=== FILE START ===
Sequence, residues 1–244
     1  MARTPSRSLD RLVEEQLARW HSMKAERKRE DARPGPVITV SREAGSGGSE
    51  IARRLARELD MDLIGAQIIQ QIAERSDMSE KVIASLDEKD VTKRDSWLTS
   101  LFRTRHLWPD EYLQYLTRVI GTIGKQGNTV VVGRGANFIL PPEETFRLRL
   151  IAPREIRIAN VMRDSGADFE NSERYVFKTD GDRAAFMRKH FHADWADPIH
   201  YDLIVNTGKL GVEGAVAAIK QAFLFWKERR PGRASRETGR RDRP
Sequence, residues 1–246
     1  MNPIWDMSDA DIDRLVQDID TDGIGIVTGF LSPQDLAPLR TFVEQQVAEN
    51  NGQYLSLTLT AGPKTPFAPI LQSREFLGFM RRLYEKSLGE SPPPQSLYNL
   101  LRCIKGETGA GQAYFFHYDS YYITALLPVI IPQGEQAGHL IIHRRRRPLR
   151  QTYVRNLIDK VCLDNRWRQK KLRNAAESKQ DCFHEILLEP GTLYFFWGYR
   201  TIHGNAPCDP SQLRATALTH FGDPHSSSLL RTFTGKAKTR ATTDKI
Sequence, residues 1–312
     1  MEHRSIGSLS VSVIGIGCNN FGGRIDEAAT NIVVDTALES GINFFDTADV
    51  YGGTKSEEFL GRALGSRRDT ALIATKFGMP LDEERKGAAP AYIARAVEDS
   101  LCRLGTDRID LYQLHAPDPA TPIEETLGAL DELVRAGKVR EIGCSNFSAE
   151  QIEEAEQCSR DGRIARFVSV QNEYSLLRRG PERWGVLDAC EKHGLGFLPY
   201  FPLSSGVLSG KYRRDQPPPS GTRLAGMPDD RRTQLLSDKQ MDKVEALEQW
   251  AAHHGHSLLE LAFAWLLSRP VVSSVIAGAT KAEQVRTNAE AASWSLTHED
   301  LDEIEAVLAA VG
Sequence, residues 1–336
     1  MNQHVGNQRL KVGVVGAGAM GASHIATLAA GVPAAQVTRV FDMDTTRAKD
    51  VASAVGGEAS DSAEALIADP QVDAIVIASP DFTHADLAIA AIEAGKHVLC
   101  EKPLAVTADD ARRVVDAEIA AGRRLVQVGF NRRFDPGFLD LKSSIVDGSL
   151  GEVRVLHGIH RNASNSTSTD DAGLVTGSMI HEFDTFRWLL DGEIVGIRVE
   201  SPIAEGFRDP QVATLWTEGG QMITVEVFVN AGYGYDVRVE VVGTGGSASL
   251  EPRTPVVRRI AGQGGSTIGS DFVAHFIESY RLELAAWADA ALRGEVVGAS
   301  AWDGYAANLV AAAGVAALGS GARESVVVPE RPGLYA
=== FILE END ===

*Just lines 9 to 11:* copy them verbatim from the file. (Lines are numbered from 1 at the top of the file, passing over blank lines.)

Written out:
    51  NGQYLSLTLT AGPKTPFAPI LQSREFLGFM RRLYEKSLGE SPPPQSLYNL
   101  LRCIKGETGA GQAYFFHYDS YYITALLPVI IPQGEQAGHL IIHRRRRPLR
   151  QTYVRNLIDK VCLDNRWRQK KLRNAAESKQ DCFHEILLEP GTLYFFWGYR